Mantegna was born near Padua and worked for local artist Squarcione. Believing his talents were being exploited, the ambitious young artist broke their agreement and in 1453 married into the rival Venetian firm of the Bellinis. Mantegna's early style is represented by the 'Agony in the Garden'.
His first important commission came in 1448, painting frescoes for the Eremitani Chapel in Padua. He worked in Padua, Verona and Venice before moving to Mantua in 1460, where he spent the rest of his life. The great paintings by Mantegna in the Gallery date from his years in Mantua as court artist to the Gonzaga.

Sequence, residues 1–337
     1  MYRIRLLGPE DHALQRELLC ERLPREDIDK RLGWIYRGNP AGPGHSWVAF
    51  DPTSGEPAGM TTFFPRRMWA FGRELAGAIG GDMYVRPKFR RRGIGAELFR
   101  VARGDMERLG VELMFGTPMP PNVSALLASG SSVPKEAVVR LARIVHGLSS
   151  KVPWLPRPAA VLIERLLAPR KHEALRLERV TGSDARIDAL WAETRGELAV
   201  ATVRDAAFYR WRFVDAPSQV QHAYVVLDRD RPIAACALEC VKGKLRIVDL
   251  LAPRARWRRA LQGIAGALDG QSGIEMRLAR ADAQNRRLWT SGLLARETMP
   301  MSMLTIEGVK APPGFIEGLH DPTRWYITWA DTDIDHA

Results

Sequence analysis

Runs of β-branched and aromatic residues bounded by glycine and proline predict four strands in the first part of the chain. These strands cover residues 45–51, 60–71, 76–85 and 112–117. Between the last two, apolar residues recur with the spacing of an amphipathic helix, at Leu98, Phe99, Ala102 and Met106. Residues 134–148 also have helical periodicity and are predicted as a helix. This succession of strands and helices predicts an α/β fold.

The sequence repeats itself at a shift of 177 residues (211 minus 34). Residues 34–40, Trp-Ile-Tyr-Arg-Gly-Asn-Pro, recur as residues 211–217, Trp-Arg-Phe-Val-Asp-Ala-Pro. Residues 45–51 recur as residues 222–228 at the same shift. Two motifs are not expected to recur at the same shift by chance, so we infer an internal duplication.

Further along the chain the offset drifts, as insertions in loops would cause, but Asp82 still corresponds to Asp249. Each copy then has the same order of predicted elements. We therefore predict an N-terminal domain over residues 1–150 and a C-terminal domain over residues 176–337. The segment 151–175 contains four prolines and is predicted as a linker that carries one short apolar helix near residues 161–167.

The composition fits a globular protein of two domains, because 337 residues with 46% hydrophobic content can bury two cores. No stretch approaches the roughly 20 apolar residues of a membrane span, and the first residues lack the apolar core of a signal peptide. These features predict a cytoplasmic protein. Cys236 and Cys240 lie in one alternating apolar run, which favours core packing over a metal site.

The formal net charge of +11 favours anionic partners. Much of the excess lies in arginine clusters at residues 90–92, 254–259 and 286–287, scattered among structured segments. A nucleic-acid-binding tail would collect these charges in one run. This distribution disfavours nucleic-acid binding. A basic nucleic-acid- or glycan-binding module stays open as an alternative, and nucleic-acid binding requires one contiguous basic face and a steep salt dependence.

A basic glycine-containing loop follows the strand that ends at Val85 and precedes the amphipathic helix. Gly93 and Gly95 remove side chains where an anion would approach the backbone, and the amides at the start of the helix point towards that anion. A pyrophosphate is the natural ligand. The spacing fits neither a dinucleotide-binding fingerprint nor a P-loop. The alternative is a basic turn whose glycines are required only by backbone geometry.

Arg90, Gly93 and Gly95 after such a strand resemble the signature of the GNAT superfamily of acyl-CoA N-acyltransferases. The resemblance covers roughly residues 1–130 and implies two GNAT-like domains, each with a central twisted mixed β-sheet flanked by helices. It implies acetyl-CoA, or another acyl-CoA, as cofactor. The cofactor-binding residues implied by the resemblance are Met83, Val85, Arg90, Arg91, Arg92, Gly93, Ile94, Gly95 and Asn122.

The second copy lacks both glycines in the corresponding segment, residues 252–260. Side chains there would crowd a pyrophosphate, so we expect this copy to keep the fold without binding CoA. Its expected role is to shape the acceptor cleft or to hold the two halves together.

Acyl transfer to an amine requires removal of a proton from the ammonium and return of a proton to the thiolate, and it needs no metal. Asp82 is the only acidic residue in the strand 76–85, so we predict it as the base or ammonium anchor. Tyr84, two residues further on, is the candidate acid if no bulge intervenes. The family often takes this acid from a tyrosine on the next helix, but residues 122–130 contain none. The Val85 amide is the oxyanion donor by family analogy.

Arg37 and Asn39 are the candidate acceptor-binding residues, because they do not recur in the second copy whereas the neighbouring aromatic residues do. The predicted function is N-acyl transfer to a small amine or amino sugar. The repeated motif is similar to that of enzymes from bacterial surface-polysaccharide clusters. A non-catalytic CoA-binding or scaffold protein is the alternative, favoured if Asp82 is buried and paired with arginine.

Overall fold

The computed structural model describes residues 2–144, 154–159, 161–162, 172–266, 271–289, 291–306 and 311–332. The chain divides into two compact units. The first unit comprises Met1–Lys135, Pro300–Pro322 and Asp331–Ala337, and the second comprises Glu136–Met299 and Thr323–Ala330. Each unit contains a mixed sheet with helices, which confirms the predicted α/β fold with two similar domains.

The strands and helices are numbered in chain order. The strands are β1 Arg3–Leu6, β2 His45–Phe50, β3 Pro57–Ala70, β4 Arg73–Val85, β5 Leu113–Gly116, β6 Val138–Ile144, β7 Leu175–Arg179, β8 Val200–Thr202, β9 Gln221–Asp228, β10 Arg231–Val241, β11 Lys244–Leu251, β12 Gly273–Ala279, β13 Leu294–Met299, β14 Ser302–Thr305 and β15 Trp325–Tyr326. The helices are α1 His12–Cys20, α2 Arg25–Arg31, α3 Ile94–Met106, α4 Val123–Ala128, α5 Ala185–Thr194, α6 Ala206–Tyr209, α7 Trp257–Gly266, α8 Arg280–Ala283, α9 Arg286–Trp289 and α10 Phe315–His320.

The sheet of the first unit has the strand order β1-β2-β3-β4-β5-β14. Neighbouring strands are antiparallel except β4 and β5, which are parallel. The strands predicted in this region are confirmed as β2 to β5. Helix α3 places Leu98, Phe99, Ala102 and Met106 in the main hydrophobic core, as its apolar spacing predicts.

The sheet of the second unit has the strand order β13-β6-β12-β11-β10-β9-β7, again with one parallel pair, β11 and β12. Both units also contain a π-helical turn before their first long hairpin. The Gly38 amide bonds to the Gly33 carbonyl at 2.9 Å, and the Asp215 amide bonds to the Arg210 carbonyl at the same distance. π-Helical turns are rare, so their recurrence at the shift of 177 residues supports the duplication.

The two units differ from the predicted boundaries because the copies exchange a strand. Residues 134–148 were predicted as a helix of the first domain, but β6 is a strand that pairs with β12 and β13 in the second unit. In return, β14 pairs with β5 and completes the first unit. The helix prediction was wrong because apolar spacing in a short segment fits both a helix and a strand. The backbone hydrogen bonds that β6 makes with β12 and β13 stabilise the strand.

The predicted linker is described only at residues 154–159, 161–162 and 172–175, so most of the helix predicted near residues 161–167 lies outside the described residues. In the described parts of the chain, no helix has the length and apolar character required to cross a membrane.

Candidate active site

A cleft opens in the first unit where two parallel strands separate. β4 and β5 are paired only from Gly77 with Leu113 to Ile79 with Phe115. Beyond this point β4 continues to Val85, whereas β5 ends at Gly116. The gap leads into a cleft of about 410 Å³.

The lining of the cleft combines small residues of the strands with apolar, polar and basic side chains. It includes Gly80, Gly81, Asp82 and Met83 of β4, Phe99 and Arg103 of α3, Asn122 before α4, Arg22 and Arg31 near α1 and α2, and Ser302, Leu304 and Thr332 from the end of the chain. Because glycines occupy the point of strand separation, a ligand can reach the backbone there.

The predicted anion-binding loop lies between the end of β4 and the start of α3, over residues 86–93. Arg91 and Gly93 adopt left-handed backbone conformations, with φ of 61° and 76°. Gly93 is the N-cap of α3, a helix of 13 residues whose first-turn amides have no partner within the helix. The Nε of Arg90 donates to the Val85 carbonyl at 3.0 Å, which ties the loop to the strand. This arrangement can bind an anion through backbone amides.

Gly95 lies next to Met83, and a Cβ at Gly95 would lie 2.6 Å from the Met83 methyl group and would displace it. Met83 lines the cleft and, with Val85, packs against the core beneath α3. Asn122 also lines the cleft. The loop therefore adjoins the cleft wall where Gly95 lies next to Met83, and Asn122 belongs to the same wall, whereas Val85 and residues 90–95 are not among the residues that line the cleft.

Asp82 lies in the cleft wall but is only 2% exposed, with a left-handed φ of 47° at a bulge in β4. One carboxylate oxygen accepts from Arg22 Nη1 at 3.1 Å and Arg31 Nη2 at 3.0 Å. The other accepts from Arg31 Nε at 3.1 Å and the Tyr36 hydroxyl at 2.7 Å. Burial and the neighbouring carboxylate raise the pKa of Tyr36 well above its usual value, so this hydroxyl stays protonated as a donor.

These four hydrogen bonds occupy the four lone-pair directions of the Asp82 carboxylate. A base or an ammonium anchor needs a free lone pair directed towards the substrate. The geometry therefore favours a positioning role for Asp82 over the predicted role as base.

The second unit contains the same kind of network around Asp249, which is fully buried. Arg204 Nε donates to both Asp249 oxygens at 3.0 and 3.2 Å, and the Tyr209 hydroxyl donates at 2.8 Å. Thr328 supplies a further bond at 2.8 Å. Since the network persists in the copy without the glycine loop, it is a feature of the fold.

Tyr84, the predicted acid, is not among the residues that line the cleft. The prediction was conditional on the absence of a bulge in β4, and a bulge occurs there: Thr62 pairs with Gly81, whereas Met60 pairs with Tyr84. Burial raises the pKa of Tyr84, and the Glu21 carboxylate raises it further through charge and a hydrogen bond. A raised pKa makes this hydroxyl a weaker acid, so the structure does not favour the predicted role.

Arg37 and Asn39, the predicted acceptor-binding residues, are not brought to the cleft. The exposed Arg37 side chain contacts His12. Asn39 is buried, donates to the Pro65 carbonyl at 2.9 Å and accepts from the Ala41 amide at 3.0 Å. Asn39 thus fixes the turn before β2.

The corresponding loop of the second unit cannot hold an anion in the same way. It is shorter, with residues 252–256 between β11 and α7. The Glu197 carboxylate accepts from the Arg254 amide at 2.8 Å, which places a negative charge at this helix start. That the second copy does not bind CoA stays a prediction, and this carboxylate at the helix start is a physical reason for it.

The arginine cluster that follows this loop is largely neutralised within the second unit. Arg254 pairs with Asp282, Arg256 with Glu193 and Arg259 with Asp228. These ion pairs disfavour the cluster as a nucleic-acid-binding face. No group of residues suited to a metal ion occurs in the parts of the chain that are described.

His scholarly interest in the antique drew him into friendship with humanist scholars like Felice Feliciano. In 1464 they dressed up as Romans for a boating excursion on Lake Garda. In the 'Triumphs of Caesar' Mantegna indulged his interest in antique art, which can also be seen in the Gallery's 'Cult of Cybele'. He developed a painting technique which enabled him to imitate the look of classical sculpture. Mantegna produced engravings which helped spread his designs and fame beyond Italy. From possibly humble origins Mantegna rose to become a valued retainer of the Gonzaga. He was knighted by 1484, a rare honour for an artist.